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Woman performed in family orchestra

Music flowed through Caroline Herak's veins.

As a young girl in Cleveland, Ohio, her family's orchestra performed around the neighborhood, making a few extra pennies during the Great Depression.

"My father taught all of us -- three of us girls and his wife -- he taught all of us music at a very young age," said Herak's sister, Maggie Falcone, of Willoughby, Ohio.

Carolina Hulina Herak, of North Huntingdon, died Friday, Aug. 6, 2004, in Mercy Jeannette Hospital. She was 77.

Mrs. Herak was born in Alverda, Indiana County. Her parents, the late Martin and Theresa (Rost) Hulina, had moved there from Cleveland for work.

But when the mines shut down, the family moved back to Cleveland, said Falcone, Mrs. Herak's older sister.

Mrs. Herak was about six when she began playing with the Hulina Family Orchestra, which was made up of her parents and sisters. They played "mainly in the neighborhood saloons and taverns," Falcone said. "And on the Croatian radio station. We would play many times there too."

The extra money from the performances helped the family get through very tough times.

"When most people were on relief, or charity, they called it, we were just on partial because we were earning money that way," Falcone said.

Mrs. Herak became at expert on the tamburitzas, a family of steel-stringed acoustic instruments used to play the music of southeastern European countries.

The Hulina Family Orchestra continued to play until Mrs. Herak was about 16 years old.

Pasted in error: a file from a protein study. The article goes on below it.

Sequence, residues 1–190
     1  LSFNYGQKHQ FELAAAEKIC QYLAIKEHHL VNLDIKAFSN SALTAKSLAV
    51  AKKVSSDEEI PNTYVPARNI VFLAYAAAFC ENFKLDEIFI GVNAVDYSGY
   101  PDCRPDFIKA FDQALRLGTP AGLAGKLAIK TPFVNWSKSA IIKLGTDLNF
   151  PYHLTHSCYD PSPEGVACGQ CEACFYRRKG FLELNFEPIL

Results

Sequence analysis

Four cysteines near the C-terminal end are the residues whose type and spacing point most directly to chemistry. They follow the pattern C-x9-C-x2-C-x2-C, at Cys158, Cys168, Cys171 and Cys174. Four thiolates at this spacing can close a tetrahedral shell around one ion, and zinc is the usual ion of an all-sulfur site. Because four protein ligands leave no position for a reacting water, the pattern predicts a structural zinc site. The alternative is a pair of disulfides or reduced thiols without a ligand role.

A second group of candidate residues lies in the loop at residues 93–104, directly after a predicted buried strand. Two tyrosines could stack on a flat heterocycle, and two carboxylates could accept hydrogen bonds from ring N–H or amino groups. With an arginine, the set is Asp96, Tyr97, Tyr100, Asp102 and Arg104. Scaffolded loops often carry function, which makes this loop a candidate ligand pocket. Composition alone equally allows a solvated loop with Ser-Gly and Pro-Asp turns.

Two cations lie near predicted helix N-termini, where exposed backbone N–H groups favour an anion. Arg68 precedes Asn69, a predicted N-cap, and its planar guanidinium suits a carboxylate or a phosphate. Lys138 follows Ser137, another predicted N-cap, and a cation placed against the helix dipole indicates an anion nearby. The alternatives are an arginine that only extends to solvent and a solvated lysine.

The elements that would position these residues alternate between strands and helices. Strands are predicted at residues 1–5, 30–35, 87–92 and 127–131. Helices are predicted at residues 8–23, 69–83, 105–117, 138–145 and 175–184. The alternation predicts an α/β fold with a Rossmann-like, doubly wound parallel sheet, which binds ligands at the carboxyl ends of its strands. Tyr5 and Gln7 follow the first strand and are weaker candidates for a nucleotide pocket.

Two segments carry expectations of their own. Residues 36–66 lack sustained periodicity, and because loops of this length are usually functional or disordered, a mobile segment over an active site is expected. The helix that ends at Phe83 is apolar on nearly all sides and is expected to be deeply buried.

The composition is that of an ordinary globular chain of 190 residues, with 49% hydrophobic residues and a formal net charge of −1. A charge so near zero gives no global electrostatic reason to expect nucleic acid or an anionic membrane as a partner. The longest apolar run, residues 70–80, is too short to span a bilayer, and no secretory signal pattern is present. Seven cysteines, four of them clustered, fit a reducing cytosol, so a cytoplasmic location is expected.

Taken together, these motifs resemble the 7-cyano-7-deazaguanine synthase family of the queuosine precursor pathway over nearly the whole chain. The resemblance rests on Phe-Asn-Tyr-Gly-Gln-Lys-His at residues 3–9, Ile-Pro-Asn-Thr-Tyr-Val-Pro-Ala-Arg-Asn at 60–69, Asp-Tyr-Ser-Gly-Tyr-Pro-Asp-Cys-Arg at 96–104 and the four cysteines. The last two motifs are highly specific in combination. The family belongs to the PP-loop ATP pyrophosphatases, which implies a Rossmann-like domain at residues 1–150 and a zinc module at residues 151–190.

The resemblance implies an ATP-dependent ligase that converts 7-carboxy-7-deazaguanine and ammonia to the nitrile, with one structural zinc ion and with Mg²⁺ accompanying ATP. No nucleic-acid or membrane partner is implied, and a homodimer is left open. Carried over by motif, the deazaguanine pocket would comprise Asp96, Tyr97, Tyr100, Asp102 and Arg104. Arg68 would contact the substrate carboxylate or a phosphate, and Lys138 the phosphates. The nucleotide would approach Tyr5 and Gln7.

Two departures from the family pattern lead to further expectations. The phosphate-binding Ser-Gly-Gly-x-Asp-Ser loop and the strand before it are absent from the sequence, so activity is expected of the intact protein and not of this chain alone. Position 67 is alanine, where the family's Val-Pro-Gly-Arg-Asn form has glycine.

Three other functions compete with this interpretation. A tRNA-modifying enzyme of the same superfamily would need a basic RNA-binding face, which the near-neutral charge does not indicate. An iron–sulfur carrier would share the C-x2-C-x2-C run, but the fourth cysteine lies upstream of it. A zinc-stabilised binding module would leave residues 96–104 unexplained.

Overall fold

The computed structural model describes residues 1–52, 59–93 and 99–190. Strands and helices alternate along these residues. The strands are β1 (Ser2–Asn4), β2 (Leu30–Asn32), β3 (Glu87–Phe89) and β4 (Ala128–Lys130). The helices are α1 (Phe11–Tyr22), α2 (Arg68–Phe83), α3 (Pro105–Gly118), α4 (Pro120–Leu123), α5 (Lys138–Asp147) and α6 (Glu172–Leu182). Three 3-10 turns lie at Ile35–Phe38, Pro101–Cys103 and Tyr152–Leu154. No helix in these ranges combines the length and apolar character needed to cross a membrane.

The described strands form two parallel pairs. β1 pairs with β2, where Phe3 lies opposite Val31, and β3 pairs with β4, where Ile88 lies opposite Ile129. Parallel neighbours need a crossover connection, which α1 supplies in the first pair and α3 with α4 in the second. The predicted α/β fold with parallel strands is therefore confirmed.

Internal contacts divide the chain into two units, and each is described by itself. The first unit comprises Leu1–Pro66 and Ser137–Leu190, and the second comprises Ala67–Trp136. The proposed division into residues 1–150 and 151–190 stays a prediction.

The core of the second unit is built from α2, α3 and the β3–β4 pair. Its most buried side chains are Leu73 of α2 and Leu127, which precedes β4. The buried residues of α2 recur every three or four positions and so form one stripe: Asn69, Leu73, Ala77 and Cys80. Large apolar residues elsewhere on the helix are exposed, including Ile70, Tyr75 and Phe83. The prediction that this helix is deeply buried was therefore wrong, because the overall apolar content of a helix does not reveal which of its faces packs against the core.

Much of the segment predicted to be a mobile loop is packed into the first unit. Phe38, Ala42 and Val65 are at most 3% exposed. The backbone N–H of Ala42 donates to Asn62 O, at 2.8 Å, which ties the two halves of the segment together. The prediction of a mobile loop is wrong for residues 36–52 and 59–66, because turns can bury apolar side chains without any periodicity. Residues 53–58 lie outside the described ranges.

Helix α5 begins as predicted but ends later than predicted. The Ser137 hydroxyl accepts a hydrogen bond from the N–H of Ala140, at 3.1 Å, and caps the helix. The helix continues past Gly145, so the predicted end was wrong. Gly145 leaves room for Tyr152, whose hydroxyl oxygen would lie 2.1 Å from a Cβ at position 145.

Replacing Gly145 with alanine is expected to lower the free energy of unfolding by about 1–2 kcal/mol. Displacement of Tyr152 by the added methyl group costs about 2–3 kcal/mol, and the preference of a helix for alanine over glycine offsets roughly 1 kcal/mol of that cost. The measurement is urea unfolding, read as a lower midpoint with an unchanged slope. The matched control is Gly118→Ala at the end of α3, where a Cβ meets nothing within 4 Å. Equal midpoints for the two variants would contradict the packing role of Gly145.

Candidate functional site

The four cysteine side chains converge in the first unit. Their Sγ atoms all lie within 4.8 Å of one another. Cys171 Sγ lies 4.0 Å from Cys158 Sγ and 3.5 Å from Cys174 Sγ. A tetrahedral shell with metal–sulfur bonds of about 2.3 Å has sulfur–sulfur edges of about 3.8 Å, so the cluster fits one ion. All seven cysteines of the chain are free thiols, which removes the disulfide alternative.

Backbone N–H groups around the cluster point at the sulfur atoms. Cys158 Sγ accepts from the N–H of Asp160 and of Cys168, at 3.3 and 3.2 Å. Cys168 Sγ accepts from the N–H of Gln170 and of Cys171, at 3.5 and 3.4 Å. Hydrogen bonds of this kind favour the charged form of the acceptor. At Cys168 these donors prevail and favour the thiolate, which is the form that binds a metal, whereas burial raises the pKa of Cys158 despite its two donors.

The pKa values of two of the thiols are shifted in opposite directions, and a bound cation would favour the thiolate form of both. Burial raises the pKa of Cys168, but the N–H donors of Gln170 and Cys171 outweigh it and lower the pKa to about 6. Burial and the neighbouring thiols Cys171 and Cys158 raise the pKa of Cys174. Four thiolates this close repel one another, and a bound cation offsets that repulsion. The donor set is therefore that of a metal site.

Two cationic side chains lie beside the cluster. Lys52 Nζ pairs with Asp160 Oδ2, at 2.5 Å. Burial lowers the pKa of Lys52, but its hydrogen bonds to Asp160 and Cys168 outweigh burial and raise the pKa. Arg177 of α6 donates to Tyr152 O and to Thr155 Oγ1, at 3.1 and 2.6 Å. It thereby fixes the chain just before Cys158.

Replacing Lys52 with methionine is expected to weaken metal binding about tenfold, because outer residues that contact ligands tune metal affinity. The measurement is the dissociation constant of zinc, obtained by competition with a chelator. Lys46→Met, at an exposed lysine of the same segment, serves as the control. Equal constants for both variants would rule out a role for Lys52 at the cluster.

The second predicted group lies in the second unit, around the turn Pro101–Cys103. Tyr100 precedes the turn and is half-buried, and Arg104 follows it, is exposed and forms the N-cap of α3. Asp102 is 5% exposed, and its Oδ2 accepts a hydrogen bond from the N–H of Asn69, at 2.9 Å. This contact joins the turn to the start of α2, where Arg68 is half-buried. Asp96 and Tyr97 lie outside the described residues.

Several years later, in April 1947, she married John Herak Jr., whom she had met through Croatian functions and activities.

"She formed her own family tamburitza orchestra, which consisted of her, her husband and her two sons," Falcone said.

In 1968, the family moved to North Huntingdon. John Herak had got a job as editor of the Croatian Fraternal Union newspaper.

Mrs. Herak was the director of several orchestras in the Pittsburgh area, including Penn Sembles, Penn Volaires and Golden Triangles.

Music and her Croatian heritage were a big part of Mrs. Herak's life. Her sister said she also loved to play bingo and had a very good sense of humor.

"She loved writing letters," Falcone said. "As soon as you answered a letter back, you got one the next day in the mail."

In addition to her parents, she was preceded in death by her husband, John Herak Jr.; two sons, Kenneth John Herak and Ronald James Herak; and a sister, Tressa Brajdich.

Mrs. Herak is survived by a sister, Maggie Falcone, of Willoughby, Ohio; several nieces and nephews; and a very special friend, Karl "Brett" Lloyd and his family, of Trafford.

Friends will be received at the Vincent V. Rodgers Funeral Home, 805 Pennsylvania Ave., Irwin, today from 2 to 4 and 7 to 9 p.m. Services will be held Wednesday at 11 a.m. in the funeral home chapel, with the Rev. Michael Maleto officiating. Interment in St. Joseph Cemetery.

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